California’s state legislature is nearing the end of its term, and employers are beginning to glimpse some of the laws that could apply in 2018. There are multiple proposed bills that prohibits employers’ ability to rely upon or seek information about applicant’s previous wages to set the employee’s pay. This Friday’s Five reviews the current law – California’s Fair Pay Act, the proposed bills on disclosure of wages, and San Francisco’s local ordinance that recently passed.
1. Current law – California’s Fair Pay Act (Labor Code section 1197.5)
Existing law generally prohibits an employer from paying an employee at wage rates less than the rates paid to employees of the opposite sex in the same establishment for equal work for work performance that requires equal skill, effort, and responsibility that are performed under similar working conditions. Effective as of January 1, 2017, AB 1676 amended California’s Fair Pay Act, found in Labor Code section 1197.5, prohibiting employers from relying on an employee’s prior salary, by itself, to justify any disparity in compensation. It is important to note the bill was modified to take out language that would have prohibited employers from obtaining an applicant’s prior salary.
2. Proposed State Bill – AB 1209 – Gender Pay Gap Transparency Act
This bill has been sent to the Governor’s desk during the week of September 11, 2017 to be signed into law or vetoed. The bill, if signed by the Governor, would require employers with at least 500 employees to calculate the difference between the wages of male and female exempt employees in California by each job classification or title. The employer would also have to do the same for all board members who are located in California. The employer would need to report the difference in pay, which would be published on the Internet by the Secretary of State. Governor Brown has until October 15, 2017 to sign or veto the bill.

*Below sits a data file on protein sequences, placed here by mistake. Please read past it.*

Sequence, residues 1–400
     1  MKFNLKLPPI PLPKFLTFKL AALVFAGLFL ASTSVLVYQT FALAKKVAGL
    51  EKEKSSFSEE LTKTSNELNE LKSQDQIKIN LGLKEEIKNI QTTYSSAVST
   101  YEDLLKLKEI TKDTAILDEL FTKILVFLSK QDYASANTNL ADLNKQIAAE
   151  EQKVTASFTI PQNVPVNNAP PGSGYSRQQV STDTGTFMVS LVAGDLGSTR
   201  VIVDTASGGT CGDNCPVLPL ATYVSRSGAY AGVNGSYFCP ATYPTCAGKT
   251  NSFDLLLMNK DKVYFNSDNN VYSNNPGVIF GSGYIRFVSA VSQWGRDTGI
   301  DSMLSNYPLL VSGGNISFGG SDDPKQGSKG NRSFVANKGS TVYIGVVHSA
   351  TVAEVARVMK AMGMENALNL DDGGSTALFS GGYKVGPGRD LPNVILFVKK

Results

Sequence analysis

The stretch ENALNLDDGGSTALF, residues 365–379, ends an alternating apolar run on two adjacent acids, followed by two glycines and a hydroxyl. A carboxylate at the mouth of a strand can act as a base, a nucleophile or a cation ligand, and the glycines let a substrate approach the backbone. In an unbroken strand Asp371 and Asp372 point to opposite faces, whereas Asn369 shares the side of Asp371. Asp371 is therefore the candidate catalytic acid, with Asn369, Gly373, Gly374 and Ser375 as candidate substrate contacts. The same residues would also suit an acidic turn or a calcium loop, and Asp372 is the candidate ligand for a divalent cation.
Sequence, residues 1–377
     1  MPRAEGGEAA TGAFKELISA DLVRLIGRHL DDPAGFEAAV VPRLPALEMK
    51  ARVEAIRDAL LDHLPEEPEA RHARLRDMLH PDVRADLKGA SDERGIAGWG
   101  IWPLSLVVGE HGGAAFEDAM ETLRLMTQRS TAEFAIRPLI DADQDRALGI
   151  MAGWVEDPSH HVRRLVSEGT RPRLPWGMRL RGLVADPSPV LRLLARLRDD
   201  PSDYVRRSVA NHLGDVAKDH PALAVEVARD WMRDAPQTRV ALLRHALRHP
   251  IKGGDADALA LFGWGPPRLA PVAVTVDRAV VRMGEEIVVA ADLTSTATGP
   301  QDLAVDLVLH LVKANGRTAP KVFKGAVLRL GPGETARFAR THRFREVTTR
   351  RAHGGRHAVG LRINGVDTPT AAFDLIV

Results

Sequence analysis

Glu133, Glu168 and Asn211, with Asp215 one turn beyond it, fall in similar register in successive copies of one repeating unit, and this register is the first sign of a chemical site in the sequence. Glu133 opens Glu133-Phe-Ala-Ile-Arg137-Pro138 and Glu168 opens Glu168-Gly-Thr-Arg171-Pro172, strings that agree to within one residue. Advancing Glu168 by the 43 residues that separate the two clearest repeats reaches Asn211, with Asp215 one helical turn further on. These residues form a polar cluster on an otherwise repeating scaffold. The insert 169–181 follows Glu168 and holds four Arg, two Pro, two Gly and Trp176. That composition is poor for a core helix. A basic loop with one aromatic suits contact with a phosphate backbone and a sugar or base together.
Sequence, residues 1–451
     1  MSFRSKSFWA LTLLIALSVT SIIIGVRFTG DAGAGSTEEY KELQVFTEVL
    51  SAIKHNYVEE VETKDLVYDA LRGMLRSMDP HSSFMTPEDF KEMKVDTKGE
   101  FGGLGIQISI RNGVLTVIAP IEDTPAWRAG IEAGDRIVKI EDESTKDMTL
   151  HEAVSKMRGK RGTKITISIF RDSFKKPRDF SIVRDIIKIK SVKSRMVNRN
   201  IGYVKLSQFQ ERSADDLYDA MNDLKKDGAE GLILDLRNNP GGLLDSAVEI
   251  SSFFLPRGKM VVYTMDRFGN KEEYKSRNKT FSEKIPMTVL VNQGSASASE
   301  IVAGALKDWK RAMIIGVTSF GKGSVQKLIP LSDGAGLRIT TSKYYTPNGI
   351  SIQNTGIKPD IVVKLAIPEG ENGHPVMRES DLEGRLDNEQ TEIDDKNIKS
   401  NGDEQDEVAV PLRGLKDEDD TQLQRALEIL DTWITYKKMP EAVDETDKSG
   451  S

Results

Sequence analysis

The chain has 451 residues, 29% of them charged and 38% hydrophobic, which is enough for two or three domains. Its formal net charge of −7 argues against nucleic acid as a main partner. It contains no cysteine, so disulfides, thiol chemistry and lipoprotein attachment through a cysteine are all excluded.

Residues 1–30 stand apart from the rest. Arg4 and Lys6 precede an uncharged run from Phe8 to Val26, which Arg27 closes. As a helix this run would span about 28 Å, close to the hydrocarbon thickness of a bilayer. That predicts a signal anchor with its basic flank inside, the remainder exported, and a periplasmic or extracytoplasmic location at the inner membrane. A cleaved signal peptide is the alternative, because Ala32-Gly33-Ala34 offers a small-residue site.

3. Proposed State Bill – AB 168 – Salary Information
This bill prohibits employers from replying upon or seeking salary history from applicants. In addition, employers would be required to provide the pay scale for a position to an applicant.
4. San Francisco local ordinance: Parity in Pay Ordinance
San Francisco passed a local law that prohibits employers from asking job applicants to disclose their salary history. It also prohibits employers from considering an applicant’s pay history as a factor in determining the level of pay to offer. The law is effective July 1, 2018, so San Francisco employers have some time to review hiring practices to comply.
5. Proposed State Bill – AB 46 – Wage Discrimination
This bill amends the California Fair Pay Act to make clear that the law applies to both public and private employers.